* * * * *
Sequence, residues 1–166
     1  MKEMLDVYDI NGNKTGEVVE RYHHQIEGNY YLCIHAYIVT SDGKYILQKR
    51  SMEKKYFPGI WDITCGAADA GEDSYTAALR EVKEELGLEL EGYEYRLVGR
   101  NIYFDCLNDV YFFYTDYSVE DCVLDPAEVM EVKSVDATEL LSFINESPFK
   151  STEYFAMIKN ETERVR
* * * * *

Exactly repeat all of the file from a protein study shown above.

Sequence, residues 1–166
     1  MKEMLDVYDI NGNKTGEVVE RYHHQIEGNY YLCIHAYIVT SDGKYILQKR
    51  SMEKKYFPGI WDITCGAADA GEDSYTAALR EVKEELGLEL EGYEYRLVGR
   101  NIYFDCLNDV YFFYTDYSVE DCVLDPAEVM EVKSVDATEL LSFINESPFK
   151  STEYFAMIKN ETERVR